3. Pleasure Matters
Don’t discount the power of pleasure — and curiosity — as typical, healthy catalysts to sexual activity. If your child wants to engage in sexual activity, their reasons for doing that and their approach to it may not always align with your own. So when you talk about that sexual activity, don’t just talk about safer sex methods; also talk about pleasure. Acknowledging pleasure, and learning about how to own it, will lead them to a more empowering sexual and/or romantic life.
More enjoyable sex often means healthier and safer sex, anyway! Lube can make sexual activity easier and more fun as well as less risky. Masturbation is a healthy expression of sexuality with no risks attached, and also helps people figure out what they like so that they can have better sex with other people. Communication is another great example: if you teach your child how to communicate effectively, they will be able to negotiate protection and also to have the sex they want in the ways they want.
4. Emphasize Choice
As long as you’re teaching communication, which you must, have a discussion about the necessity for enthusiastic consent. Your child needs to know that whether or not they engage sexually, and how, is a choice for them and their partners. That means teaching them that they hold the power of choice, and so do their partners. Your child, and your child’s potential partners, must ask for what they want, must be able to say yes or no, must be able to change that answer, and so on. They may not want to engage at all, now or ever, but because our society fixates on sex, this discussion is mandatory. Acknowledge asexuality as an identity with a spectrum, acknowledge abstinence as a valid choice, and acknowledge that what we’re taught is “normal” or “correct” is very rarely someone’s exact experience with sexual development and sexual activity. For these and other reasons, make sure your child knows about the power of yes, the power of no, and the power of asking.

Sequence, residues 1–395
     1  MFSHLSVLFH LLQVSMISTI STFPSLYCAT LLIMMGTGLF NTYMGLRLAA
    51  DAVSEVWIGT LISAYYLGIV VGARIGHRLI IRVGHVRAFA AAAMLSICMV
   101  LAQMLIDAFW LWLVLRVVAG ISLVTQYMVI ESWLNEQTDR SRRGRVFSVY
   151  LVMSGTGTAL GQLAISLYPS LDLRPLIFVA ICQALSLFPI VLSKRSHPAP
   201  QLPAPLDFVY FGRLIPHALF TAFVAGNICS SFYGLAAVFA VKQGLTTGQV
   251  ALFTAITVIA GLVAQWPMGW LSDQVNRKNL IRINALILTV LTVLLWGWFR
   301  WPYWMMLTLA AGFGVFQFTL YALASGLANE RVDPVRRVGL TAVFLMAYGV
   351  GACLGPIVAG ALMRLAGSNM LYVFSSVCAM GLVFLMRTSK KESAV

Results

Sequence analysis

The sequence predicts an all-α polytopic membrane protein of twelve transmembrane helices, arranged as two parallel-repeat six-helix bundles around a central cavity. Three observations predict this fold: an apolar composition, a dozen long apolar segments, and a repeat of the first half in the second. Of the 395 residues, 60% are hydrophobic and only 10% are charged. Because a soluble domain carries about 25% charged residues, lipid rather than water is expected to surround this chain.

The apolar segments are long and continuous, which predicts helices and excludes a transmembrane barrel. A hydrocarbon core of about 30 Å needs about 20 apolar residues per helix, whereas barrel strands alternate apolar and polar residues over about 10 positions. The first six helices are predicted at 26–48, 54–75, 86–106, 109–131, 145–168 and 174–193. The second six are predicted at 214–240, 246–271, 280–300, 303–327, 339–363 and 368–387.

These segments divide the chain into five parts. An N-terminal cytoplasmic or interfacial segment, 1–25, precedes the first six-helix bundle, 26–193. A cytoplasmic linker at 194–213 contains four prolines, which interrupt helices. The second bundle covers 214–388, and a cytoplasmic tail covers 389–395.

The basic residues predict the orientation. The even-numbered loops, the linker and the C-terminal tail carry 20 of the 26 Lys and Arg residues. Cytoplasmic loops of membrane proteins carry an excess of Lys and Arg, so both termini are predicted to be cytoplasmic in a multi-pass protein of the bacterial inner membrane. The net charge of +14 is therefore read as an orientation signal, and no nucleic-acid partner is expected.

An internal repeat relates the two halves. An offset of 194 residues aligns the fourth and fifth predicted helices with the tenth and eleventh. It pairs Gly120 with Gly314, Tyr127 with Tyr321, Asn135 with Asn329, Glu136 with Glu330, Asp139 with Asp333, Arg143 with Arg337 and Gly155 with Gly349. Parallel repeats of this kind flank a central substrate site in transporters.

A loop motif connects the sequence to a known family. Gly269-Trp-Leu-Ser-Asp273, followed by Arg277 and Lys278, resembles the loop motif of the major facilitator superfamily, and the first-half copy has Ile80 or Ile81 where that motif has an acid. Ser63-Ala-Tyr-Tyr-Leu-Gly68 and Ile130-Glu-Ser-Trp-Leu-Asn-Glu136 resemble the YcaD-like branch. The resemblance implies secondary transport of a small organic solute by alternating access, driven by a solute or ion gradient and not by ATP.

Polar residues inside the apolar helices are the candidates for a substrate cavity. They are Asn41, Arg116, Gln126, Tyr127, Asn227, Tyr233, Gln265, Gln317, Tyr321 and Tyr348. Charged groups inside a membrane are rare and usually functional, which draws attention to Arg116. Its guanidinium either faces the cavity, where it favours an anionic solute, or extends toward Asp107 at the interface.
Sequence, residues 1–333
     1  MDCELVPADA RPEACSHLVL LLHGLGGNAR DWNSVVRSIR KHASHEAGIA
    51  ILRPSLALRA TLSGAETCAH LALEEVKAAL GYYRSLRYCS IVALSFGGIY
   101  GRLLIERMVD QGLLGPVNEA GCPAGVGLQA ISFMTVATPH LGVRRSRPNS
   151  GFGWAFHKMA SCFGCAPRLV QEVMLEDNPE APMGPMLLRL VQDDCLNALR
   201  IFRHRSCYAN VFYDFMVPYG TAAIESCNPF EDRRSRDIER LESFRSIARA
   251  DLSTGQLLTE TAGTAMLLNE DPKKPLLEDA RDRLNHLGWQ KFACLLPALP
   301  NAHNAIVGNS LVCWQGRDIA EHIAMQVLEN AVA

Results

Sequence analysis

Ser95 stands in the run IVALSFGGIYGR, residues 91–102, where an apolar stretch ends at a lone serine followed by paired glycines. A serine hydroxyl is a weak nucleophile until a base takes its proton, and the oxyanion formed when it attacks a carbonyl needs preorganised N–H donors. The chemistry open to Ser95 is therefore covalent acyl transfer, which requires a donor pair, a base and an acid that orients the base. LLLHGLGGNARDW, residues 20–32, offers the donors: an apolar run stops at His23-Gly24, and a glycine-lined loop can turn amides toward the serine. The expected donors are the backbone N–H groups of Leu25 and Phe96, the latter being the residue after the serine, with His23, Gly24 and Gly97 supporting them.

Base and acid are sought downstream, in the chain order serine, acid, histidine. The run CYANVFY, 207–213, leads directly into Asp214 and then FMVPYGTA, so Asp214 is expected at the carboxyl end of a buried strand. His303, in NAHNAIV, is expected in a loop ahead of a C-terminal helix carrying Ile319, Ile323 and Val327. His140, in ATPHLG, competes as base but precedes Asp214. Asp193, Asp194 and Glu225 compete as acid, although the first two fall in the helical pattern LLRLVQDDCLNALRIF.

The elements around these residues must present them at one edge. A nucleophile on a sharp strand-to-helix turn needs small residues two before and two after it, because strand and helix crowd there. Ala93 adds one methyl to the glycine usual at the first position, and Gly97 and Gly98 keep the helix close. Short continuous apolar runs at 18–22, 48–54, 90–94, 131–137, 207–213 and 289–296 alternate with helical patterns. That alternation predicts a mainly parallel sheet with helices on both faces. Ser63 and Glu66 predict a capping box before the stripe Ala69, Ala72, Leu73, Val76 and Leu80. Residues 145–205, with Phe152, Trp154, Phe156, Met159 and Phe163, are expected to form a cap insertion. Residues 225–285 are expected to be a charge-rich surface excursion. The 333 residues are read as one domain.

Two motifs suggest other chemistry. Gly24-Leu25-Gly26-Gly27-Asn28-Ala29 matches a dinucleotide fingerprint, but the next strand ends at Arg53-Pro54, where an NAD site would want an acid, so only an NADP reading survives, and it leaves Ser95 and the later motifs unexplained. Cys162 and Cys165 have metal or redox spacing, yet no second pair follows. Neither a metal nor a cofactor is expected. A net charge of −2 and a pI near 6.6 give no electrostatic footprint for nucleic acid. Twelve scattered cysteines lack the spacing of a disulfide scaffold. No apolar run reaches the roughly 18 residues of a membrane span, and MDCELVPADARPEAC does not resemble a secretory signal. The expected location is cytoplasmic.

5. Provide Resources
Have resources available that you can offer to your child, especially for the tough topics that you aren’t sure how to talk about or that they may not want to hear about from you. The Internet (porn or not) can offer them plenty of sex education! My favorite resources include sex educator Laci Green, Scarleteen, Bedsider, the Center for Sexual Pleasure and Health, and of course the wealth of information available right here at HelloFlo!
Talking about sex is admittedly not the easiest thing to do, for either side of the conversation, but the ability to start the conversation in a safe place is well worth it. What do you wish your parents had said to you about sex? Tell us in the comments!